Proud to be featured with Sampah Jujur and the trash economy on this great series of videos from Gary Bencheghib for Make a Change Bali. The project consists of 30 videos about people leading the way to a more sustainable world in Bali. The videos have been going viral and if you haven’t see Kevin, founder of Avani, drinking one of his bio plastic bags, you’re seriously missing out.
Activist and Green School graduate Heather Blair speaks powerfully on how to eradicate the ‘silence’ surrounding the topic of sexual assault and the need to use the power of social media to foster an environment that encourages people to share. About Heather: Heather Blair is 17 years old and a recent graduate of The Green School in Bali, Indonesia. She lives between Canada, California, Bali and the Caribbean. Having studied musical theatre, acting and improv since she was five, Heather has taken these skills and put them towards speaking about sexual assault. She prides herself on being a human rights activist, actress, screenwriter and feminist. Her objectives going forward include completing a short film and attending University in New York. She is plant based, enjoys football, film, fashion, photography and Krav Maga.
NALU has just launched their line of organic sweatshirts in L.A. “It’s been so amazing to moving to producing organic streetwear so we can support the planet and people’s health. It’s all being produced in an organic factory in India,” says Dali Schonfelder, co-founder of NALU. Listen to them tell their story of how they founded their enterprise, starting from a simple desire to help their friends in rural Indian schools get school uniforms. Recorded at INKTalks in Goa.
Part of a series of stories created by ARTE France for TED Stories. This 50 minute documentary features interviews from John Hardy, Orin Hardy, and staff and students from Green School Bali as they explore how children can change the world. At 11 and 13 years-old, Melati and Isabel Wijsen started an enormous fight to force their government to ban plastic bags in Bali. Their island crumbles under mass tourism and consumption. An army of little hands strives to hide it all. Stakes are high. 67% of GDP depends on tourism. And the plastic crisis only makes climate change worse. We went to meet the two sisters in their home in Bali, a paradise at the forefront of climate change. They share their experience on activism and kids empowerment and their secret : Melati and Isabel attend Green School, in the heart of Bali. Founded by John Hardy, this experimental school immerses kids with their reality : a world about to end, and another one to invent.
Kenta is a force of nature. He’s changing education. He brought his Gakko Camp to Green Camp this summer and looks like he is bringing it back again next year. So please watch the talk and find out more about his vision. -JH
The first talk is about parenting—I think it’s really important to put this out and call it ‘kidding’ because parenting is only possible with kids involved. And the second one is Helen Fisher talking about love and she’s just a dream. I believe I met the love of my life and I’m still with her. It’s a great talk. – JH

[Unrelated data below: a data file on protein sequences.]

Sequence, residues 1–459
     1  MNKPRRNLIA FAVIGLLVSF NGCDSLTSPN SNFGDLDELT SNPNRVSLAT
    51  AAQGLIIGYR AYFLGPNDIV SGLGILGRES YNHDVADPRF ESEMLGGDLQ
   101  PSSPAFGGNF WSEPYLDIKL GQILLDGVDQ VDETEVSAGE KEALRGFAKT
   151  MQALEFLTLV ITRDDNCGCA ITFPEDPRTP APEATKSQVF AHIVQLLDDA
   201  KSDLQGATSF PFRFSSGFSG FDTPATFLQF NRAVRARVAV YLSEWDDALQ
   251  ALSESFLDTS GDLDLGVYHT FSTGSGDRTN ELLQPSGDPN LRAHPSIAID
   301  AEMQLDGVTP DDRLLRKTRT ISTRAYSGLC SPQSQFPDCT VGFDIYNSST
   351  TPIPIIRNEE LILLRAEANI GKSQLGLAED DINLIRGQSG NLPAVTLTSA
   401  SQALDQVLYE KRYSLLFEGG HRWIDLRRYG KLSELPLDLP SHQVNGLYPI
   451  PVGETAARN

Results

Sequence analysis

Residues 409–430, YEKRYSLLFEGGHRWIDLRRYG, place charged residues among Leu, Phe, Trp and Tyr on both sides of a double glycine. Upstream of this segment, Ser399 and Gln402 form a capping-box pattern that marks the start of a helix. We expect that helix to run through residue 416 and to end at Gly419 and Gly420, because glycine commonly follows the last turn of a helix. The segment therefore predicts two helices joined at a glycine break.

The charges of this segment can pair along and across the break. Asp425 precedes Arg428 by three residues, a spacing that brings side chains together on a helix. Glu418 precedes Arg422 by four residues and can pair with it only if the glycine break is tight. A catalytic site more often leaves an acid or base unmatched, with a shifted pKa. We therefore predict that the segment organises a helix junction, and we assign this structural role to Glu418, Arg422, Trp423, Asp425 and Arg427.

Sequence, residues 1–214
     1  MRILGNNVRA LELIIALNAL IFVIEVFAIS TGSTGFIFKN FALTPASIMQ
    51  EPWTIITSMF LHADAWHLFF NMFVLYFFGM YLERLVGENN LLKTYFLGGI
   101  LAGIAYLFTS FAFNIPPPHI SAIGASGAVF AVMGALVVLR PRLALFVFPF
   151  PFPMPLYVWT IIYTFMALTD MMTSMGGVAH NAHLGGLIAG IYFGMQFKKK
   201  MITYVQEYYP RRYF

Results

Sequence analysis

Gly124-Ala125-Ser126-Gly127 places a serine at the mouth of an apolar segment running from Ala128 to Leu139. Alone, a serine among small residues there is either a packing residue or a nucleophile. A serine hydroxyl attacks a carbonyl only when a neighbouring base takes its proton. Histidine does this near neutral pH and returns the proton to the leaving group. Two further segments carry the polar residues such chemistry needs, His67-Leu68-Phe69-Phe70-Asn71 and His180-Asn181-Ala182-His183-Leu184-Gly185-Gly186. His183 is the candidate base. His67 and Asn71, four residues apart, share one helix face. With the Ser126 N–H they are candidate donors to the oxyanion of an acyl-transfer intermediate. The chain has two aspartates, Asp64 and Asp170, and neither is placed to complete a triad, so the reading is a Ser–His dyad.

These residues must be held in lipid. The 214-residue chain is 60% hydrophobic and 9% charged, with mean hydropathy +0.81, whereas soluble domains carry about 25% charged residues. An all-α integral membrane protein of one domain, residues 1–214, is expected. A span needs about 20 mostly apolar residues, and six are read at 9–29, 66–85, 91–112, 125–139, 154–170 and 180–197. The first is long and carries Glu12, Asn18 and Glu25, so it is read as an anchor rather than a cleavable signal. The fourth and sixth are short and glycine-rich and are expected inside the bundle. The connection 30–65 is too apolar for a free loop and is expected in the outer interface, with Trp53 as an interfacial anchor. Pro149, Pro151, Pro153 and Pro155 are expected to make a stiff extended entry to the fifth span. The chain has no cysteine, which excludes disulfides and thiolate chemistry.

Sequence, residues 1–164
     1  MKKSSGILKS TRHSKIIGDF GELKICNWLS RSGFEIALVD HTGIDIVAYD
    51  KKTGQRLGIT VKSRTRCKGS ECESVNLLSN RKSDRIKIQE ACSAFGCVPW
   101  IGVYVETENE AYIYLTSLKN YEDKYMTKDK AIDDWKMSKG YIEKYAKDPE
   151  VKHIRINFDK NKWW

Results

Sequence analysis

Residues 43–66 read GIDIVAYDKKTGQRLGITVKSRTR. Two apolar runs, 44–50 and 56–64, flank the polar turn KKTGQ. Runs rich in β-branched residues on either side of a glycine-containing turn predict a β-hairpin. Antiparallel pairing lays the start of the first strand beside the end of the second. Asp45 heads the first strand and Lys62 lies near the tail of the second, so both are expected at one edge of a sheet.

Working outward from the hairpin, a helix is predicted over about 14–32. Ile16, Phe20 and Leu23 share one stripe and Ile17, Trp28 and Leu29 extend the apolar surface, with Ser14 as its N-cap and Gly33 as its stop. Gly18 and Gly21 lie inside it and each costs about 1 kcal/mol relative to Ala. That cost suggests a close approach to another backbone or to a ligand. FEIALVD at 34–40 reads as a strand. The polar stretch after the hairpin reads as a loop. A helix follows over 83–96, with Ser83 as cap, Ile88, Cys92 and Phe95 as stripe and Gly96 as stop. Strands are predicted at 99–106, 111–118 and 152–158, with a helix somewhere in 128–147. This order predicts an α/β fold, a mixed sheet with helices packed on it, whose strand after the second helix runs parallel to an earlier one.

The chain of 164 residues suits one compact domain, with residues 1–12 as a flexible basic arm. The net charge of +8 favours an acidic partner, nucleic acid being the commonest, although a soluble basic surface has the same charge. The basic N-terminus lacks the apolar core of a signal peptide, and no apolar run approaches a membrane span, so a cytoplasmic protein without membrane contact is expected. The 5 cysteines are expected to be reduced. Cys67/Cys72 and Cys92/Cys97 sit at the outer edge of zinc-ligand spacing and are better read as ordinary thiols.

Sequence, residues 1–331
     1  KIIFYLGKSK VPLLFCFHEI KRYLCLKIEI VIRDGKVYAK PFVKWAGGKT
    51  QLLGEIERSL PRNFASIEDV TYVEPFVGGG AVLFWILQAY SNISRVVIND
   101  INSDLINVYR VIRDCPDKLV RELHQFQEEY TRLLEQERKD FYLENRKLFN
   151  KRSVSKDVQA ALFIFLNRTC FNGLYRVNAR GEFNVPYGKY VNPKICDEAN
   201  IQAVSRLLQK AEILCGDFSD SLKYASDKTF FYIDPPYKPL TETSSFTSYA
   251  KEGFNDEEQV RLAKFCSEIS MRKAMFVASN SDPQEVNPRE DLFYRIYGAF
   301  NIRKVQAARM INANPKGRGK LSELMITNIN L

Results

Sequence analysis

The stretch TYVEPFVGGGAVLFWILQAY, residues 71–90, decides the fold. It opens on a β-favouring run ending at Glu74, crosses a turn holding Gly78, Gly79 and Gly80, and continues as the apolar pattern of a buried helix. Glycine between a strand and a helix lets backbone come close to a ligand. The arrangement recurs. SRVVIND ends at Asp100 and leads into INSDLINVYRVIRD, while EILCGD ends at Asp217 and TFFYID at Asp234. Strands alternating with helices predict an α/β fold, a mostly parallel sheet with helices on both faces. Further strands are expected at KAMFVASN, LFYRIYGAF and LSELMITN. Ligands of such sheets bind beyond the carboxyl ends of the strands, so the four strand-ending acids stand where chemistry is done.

This TOMRA Autosort machine is incredible. It can detect color, shape, material and so much more to get the last tiny piece of trash to right recycling pile. The video shows the Autosort machine in action in Warsaw, Poland. In TOMRA’s rather opaque jargon, this is how they describe their machine: As the most flexible sorting system within TOMRA Sorting Recycling’s product family, the AUTOSORT combines detection of color and enhanced material information resulting in a multifunctional system that optimizes effectiveness across a broad variety of applications.
A radical way to counter obnoxious plastic. “It’s amazing how much a researcher can learn when he starts to think. We seem to be researching endlessly, but this guy seems to be actually doing something. It’s such an amazing initiative. Please watch the talk. Here’s more about INKTalks.”
Take a look at this. It’s a for profit company working in Sacramento that collects food waste in gas powered trucks. We could actually take every single bit of biomass we have produced, found, excreted and put it into a digester and make gas for our vehicles or create electricity. That would then just leave us with the plastic and metals, which we can 100% recycle. This is really amazing thing to watch. So exciting to think about composting everything we have lying around, including poop and pee and everything else that is organic. Thank you Angus and Duncan for letting me know about it and Clean World for making it happen. This is an incredible future to look forward to. -JH CleanWorld specializing in repurposing organic waste into the forms of transportation fuel for vehicles and electricity. Check out all of the great things CleanWorld BioDigesters do that help clean up our world.
I was so moved and inspired by the Green Stone talks (delivered by the Green School Bali graduating class each year). I have been to so many talks in my life, but I was literally tingling listening to the students. Not just one, but many of them. There were subjects that I had little to no interest in that were so riveting it blew my mind. I have no idea how this happened but it’s happened; the level of presentation of the 2016 graduates (who ALL got into their first choice universities) was incredible. It makes the whole thing worthwhile. -JH